Shopé (pronounced Show-Pay) is the winner of CBC's Searchlight 2019 competition. With almost 2,000 original songs entered since January for this year’s edition of the annual contest, music acts from across the country vied for the top spot through a combination of public votes, a Canadian music industry panel and celebrity judges.
Shopé (Mosope Adeyemi) impressed judges with his submitted track “Come Wid It.” As part of the grand prize, Shopé will take part in Canada’s premiere artist development program: the Allan Slaight Juno Master Class. This includes a performance spot at the 2019 Juno Master Class music industry showcase in Toronto and a trip to the 2020 Juno Awards in Saskatoon where he will perform at Junofest.
– Bachman, a documentary on the life and music of Randy Bachman (Guess Who, BTO) comes out on DVD, iTunes, Amazon Prime Video and Google Play on March 26. Directed by John Barnard (The Sheepdogs Have At It, Menorca), the film follows Bachman’s journey from his early years growing up in Winnipeg through to his first taste of stardom with The Guess Who, his partnership with Fred Turner, and BTO’s radio domination in the 1970s to the present, with Bachman still on the road at age 75. Such peers as Neil Young, Buffy Sainte-Marie, Paul Shaffer, Peter Frampton, and Alex Lifeson are featured. Source: ET Canada
– Commencing this week, The Unison Benevolent Fund, the national support organization for music professionals, has partnered with online accommodation service StayBillety.com to assist the music community with housing when travelling. “Unison Benevolent Fund is excited about our partnership with StayBillety and the unique resource that it offers to the Canadian music community,” says Unison ED, Amanda Power. “Whether you are a music lover travelling for a concert, a music-maker on tour, or an industry colleague attending an awards show, our friends at StayBillety offer great accommodation options and new friendships with like-minded individuals along the way.” Further info at StayBillety.com/Unison
– BC's new Squamish Constellation Festival, running July 26-28, has announced a strong inaugural lineup. It includes headliners Bahamas, Serena Ryder, and A Tribe Called Red, plus Dear Rouge, Peach Pit, the Boom Booms, Art D'Ecco, Half Moon Run, and Foxwarren. More headliners TBA. General admission full-weekend passes go on sale today (March 8) here
– Canadian turned Kiwi roots dynamo Tami Neilson celebrates International Women’s Day by releasing a fiery new single, "Big Boss Mama," today (March 8). Conceived and directed by Tami’s brother, Todd Neilson, the accompanying video is a homage to badass women throughout history, from Cleopatra and, Amelia Earhart to Buffy Sainte-Marie (an inspiration for Neilson) and NZ PM Jacinda Ardern.
– Toronto-based music presenter Soundstreams launches three performances of Seven Deadly Sins, an original musical at The Great Hall in Toronto on April 9–11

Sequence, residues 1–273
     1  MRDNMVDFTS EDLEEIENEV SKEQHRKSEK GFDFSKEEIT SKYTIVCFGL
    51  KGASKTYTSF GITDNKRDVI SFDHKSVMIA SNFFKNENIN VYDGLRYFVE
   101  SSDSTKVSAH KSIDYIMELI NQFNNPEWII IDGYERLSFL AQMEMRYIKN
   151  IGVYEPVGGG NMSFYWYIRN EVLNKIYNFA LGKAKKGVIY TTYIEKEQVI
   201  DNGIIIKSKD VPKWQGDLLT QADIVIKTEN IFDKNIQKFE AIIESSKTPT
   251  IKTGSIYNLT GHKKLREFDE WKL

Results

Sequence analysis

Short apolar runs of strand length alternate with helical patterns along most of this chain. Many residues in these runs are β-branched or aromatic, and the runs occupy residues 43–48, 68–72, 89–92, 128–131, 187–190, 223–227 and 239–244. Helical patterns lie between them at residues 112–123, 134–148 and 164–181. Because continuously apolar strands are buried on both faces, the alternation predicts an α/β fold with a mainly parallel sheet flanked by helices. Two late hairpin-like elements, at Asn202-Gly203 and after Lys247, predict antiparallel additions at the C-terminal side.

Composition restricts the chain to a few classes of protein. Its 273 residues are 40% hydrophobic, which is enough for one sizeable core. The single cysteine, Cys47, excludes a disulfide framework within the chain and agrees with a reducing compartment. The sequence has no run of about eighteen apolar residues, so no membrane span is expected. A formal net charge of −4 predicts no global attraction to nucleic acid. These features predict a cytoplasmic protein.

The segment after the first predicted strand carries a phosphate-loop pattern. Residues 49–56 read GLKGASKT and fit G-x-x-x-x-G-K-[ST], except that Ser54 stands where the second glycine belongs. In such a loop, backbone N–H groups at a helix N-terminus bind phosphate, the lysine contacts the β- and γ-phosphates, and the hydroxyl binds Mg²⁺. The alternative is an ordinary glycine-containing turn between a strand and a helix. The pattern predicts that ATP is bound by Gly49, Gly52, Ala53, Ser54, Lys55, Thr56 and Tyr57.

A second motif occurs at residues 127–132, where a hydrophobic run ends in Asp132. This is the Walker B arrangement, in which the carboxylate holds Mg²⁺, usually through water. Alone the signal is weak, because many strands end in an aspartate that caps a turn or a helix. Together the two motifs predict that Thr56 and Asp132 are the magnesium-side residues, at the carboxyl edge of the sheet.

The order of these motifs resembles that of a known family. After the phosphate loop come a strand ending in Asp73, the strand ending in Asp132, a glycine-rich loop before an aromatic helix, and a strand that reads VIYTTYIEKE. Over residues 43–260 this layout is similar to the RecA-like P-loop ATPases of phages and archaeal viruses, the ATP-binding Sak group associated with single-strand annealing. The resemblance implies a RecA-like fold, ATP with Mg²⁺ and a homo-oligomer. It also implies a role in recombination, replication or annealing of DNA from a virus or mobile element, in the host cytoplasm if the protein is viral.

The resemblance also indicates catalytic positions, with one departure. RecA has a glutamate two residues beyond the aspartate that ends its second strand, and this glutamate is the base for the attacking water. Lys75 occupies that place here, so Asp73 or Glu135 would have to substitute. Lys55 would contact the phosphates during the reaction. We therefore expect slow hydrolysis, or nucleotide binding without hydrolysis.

The cardinal sins, first enunciated by fourth-century theologian and monk Evagrius Ponticus, are the inspiration for Soundstreams' artistic director Lawrence Cherney who promises great contrasts both between and within the commissioned pieces, in styles ranging from classical, jazz, soul and avant-garde, to pop, and world music
– The next Lunch & Learn info session presented by CIMA and WorkInCulture is on March 19, at Array Space, 155 Walnut Ave, Toronto. The topic is Measuring Your Metrics: Data Tracking with Nielsen. Free for CIMA/MusicOntario members; $15 for non-members.
– Kobalt’s recording company AWAL has hired Chris Hardy as Head of Operations, Canada. Based in AWAL’s newly opened Toronto office, Hardy will act as the Canadian contact for global label clients. Hardy joins AWAL with more than 20 years of music industry experience in the Canadian market, with Sony Music Canada and, most recently, the Orchard. Source: MBW
– The U.K. version of hit Canadian musical Come From Away is nominated for nine Olivier Awards, Britain’s equivalent of the Tonys. It’s up for Best New Musical against Fun Home, Six and Tina — The Tina Turner Musical, and is tied with Stephen Sondheim's Company for the most nominations. Winners will be announced April 7 in London.
– Live dates by Mappe Of across Ontario and Quebec for April and May 2019 have been announced. They are accompanied by iPhone footage he captured while on tour, compiled by photographer and director, Colin Medley (U.S. Girls, Alvvays, The Weather Station). It features A Northern Star, A Perfect Stone track “Scathefire”.
– Drake begins his series of shows in Las Vegas May 4, at the 3,000-person capacity XS Nightclub. This comes from his multi-year “partnership” with Wynn Las Vegas that reportedly calls for a minimum of 10 shows for a total payout of $10M. The deal includes construction of a new stage and “cutting-edge production to the storied 40,000 square-feet indoor and outdoor space”. Tickets are tiered by gender with female indoor general admission set at $75 and males at $125. Previous acts for the venue include The Chainsmokers, Diplo, Marshmello, Kygo and DJ Snake. Sources: The Blast, WENN